Voice over Internet Protocol requires that certain best practices are set up and managed to ensure voice integrity and functions to work as advertised at your main location and remote branch facilities.
WAN (wide area network) Speed/Bandwidth – bandwidth is the speed of the transfer of voice and data packets between the source and destination of the end connection, and the various points in between.
Business Quality Internet Options (Recommended)
a) MPLS: Private secured network with QoS and SLA. This option can be expensive for smaller companies.
b) T1/DS3/Ethernet/mGRE: Perfect bandwidth and functionality to support VoIP and QoS (Copper and Fiber options available).
Consumer Quality Internet Options (Non-Mission Critical)
- Cable: Depending on speed and ISP, can work well, but generally does NOT support QoS
- DSL: Generally works for 1-2 users maximum, but generally does NOT support QoS
- Wireless: Generally not recommended for VoIP
- Satellite: Not an option for VoIP due to inherent latency of up to 900ms
Important Note: It is certainly ideal for customers to utilize the same network carriers at all sites as their chosen VoIP host provider to reduce network hops. This allows all voice and data packets to traverse only one Internet backbone and not have to interconnect with multiple carrier networks, resulting in reduced latency (delay in packets reaching its destination), jitter (amount of time between delivery of consecutive voice packets) and packet loss (actual dropped voice packets because they don’t arrive within a certain specified time [usually 150ms]). Call quality can never be guaranteed with the use of the public internet without a true MPLS or mGRE encrypted tunnel), due to multiple carriers, hops and network routes using a “best efforts” method. With this said, the ongoing proliferation of “more bandwidth for the dollar” will continue to make this configuration even more reliable and efficient in the future.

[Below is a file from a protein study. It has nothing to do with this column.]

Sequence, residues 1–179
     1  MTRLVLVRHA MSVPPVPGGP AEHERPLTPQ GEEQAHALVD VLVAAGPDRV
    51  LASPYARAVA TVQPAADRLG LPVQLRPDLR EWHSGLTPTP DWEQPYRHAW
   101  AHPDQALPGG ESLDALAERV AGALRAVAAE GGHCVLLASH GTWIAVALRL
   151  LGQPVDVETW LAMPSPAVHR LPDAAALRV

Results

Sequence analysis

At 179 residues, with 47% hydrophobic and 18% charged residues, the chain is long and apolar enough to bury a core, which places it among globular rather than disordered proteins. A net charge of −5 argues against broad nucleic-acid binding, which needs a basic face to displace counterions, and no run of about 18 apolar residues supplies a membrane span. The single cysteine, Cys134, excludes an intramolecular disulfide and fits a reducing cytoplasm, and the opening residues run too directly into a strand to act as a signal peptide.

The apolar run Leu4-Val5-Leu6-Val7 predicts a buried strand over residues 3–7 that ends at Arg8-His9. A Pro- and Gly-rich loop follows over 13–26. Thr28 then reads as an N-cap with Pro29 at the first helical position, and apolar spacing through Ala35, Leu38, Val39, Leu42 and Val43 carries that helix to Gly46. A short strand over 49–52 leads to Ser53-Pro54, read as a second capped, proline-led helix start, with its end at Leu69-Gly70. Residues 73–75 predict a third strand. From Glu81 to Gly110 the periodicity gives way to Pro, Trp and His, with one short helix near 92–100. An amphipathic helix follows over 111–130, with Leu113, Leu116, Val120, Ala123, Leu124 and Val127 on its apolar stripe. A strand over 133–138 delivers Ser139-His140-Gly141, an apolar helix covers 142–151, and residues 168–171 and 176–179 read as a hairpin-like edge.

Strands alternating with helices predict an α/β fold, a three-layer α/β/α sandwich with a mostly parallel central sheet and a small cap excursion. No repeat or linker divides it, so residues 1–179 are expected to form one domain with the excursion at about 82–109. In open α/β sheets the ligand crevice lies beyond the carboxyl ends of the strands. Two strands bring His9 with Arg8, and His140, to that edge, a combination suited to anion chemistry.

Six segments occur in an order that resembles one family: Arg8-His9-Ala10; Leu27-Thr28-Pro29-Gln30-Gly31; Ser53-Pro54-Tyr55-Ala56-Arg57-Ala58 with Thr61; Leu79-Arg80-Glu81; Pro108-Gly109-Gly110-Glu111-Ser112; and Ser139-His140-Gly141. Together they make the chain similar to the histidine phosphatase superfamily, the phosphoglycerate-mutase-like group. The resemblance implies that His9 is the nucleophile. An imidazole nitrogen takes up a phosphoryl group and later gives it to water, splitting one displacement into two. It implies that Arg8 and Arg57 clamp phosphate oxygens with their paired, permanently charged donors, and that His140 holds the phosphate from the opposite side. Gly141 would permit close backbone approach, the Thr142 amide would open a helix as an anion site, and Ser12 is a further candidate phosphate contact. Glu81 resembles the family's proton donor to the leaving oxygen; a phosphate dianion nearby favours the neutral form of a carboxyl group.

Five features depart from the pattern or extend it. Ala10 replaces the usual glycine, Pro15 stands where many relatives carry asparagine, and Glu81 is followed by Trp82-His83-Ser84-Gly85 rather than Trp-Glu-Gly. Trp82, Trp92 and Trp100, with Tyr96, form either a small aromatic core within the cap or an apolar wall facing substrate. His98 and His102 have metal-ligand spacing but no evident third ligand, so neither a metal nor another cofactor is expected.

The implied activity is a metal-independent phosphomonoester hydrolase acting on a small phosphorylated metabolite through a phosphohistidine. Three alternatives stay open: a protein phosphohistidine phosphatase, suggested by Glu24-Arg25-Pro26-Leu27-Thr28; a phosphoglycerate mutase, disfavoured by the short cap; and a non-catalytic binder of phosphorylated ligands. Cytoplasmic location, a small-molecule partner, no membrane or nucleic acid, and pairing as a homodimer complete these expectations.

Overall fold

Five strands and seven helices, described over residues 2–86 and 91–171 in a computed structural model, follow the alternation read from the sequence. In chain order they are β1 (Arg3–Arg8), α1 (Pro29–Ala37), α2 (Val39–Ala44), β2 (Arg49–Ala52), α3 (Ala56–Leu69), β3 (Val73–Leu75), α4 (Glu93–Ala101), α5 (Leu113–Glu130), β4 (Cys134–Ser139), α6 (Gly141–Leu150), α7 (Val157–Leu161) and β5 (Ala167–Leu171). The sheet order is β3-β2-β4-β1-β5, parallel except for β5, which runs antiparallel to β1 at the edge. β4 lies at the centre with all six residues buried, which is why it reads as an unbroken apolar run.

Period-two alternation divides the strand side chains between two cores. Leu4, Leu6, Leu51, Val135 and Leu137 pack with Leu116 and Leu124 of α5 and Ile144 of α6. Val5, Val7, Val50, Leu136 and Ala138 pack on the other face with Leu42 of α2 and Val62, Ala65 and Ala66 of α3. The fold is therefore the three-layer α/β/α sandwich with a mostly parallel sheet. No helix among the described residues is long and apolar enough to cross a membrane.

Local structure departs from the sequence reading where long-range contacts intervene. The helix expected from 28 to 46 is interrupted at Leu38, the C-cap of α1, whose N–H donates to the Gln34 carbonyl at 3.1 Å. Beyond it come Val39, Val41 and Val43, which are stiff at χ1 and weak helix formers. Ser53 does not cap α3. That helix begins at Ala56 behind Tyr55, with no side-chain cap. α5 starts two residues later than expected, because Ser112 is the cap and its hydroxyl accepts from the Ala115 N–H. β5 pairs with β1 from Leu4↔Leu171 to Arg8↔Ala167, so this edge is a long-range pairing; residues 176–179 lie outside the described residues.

Internal Wiring – the deployment of VoIP requires CAT 5/5E/6 wiring that should be installed. If your current wiring infrastructure is more than 5 years old and/or was not originally installed by a professional, it will likely not reliably support VoIP and will be highly susceptible to packet loss and intermittent call quality issues.